@EbS-P I did a quick plan of our 1st floor. I guess the heat could spread easily on that floor at least. We have 5'5" clearance from the chimney (in red) to our first living room furniture. Since the chimney is plain bricks, I think the wood stove could be placed right against it?

If you think you want fires for enjoyment (not so much 24/7 heating) I'd look at something smaller so you can watch the flames and not be cooked out of the room. Maybe a Morso? Are you thinking in front of or beside the chimney. Look at clearances and tape out hearthpad and stove location on the floor.
I want a wood stove for enjoyment first. If it can double as a complementary heat source on cold nights, thats even better. But since I would be putting the stove in front of the chimney, I have to look for something compact.

From what I saw in manuals:
  • Craftsbury: 20" depth + 18" front clearance = 38"
  • Shelburne: 21 1/4" depth + 18" front clearance = 39 1/4"
  • Alderlea T4: 22 3/4" depth + 18" front clearance = 40 3/4"

A morso may be nice since they are smaller, but have they passed EPA 2020 certification?

Thanks!
 

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begreen

Mooderator
Staff member
Nov 18, 2005
87,665
South Puget Sound, WA
Several of the Morso stoves are EPA 2020 approved. The Morso 7110 would be a good fit there. It's about 18.5" deep.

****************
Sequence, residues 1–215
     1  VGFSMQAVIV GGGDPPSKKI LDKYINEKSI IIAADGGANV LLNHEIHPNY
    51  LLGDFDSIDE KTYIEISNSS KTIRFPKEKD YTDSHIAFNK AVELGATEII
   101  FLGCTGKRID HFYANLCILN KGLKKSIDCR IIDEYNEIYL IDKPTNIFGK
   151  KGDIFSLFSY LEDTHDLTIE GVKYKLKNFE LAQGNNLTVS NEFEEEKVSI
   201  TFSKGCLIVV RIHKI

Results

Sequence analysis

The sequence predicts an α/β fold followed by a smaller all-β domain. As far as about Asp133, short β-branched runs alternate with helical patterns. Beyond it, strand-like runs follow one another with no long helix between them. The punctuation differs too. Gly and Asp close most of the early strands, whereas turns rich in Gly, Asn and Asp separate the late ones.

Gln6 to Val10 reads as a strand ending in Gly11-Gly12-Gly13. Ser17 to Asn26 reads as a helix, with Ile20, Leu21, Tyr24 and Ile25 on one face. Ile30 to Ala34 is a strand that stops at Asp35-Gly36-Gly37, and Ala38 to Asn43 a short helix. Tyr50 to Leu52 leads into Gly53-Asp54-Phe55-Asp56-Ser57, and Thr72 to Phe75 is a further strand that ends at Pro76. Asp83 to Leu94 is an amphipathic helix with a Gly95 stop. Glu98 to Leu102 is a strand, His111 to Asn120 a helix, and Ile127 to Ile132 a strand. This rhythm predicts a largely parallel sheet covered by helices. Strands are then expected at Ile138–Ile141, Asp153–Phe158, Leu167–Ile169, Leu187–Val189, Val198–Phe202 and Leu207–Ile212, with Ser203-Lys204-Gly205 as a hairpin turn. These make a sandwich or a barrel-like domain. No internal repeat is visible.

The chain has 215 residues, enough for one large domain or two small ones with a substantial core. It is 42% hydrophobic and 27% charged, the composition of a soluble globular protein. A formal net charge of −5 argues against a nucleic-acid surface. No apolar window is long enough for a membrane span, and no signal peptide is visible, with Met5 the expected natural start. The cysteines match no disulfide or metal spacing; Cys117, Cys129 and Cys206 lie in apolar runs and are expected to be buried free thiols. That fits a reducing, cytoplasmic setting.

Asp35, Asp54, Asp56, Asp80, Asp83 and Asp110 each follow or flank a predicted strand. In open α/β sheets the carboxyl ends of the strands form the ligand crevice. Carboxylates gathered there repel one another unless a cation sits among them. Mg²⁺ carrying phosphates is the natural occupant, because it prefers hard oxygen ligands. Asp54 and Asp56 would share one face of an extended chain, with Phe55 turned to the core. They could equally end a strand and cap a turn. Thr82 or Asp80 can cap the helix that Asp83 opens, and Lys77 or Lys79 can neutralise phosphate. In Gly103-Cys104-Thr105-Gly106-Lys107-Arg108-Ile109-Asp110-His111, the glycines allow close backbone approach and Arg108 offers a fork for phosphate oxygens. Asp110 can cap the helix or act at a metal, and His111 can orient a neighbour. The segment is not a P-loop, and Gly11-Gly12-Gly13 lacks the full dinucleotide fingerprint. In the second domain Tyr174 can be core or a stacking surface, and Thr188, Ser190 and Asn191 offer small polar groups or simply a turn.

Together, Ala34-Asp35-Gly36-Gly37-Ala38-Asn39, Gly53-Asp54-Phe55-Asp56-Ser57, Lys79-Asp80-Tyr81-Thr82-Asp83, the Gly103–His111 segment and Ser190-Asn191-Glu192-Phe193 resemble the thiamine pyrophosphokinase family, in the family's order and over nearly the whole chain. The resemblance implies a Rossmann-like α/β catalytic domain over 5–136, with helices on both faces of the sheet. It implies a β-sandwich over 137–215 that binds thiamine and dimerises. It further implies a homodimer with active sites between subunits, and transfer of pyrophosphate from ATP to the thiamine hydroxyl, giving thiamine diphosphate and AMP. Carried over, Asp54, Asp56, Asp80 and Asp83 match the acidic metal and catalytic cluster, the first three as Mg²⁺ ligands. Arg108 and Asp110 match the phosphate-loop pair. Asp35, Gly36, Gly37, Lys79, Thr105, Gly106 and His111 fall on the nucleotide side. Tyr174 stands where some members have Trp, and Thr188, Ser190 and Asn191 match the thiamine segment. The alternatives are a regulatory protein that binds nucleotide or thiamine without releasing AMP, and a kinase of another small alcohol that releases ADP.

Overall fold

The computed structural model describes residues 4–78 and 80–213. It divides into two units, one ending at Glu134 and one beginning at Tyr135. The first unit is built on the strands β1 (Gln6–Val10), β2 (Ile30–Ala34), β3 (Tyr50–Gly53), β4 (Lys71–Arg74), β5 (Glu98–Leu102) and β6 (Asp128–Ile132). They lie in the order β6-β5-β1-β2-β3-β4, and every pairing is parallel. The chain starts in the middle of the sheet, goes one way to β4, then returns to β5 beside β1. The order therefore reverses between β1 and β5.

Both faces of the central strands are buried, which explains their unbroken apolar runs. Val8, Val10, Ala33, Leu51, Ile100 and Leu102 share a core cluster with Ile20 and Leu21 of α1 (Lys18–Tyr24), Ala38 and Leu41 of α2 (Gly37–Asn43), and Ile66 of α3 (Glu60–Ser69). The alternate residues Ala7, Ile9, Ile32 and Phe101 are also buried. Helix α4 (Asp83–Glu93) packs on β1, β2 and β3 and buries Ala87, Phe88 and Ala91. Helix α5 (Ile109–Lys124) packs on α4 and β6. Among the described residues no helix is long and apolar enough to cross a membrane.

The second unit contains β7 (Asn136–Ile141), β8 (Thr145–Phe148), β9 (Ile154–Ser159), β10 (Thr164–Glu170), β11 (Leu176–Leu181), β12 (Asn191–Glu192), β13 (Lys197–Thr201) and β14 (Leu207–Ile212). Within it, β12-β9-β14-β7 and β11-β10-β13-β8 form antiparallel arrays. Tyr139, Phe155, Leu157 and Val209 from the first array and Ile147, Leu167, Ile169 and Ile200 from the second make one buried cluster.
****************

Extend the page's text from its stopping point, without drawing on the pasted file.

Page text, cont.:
Not much heat will migrate through the 30" opening to the kitchen and entry space without assistance. A table or box fan placed in the adjacent space, on the floor, pointing into the stove room would help. Run it on low speed.
 
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ABMax24

Minister of Fire
Check with your city/municipality about their emissions regulations. Montreal is the only city I'm aware of that requires less than 2.5g/hr (as tested to EPA 2020 or CSA B415.10 standards), otherwise the rest of Canada is still using CSA B415.10 which only requires emissions below 4.5g/hr, of course EPA 2020 is accepted in lieu of CSA.
 

EbS-P

Minister of Fire
Jan 19, 2019
727
SE North Carolina
A morso may be nice since they are smaller, but have they passed EPA 2020 certification?
Yes

Maybe you could put it real close to the bricks but it’s not a wood fireplace and the brick is touching the combustible wall so that’s probably something an expert should chime in on. You will need to make the 90 or 2-45s into the chimney so it can’t be right next to the brick anyway. I’d plan standard double wall clearance to to the chimney. How many flues are in the chimney? What size and type? Those are other good things to know.
 

begreen

Mooderator
Staff member
Nov 18, 2005
87,665
South Puget Sound, WA
Clearance requirements are to combustibles. The chimney is brick and non-combustible so the stove can be placed up close to it. The drywall on the sides appears to be well beyond the clearance requirements, but it's important to verify this.

Looking at the room, attention should be paid to the hearth pad. It will need to project into the room at least 16" in front of the stove door.
 
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simondec

New Member
May 30, 2021
7
Quebec
There's 17" of chimney coming out of the drywall. The chimney itself is single flu, and the vendor suggested installing a 6" insulated liner in case there's some cracks in the bricks or in the ceramic tiles covering the inside. I wouldn't mind having the stove sitting a few inches from the chimney if need be.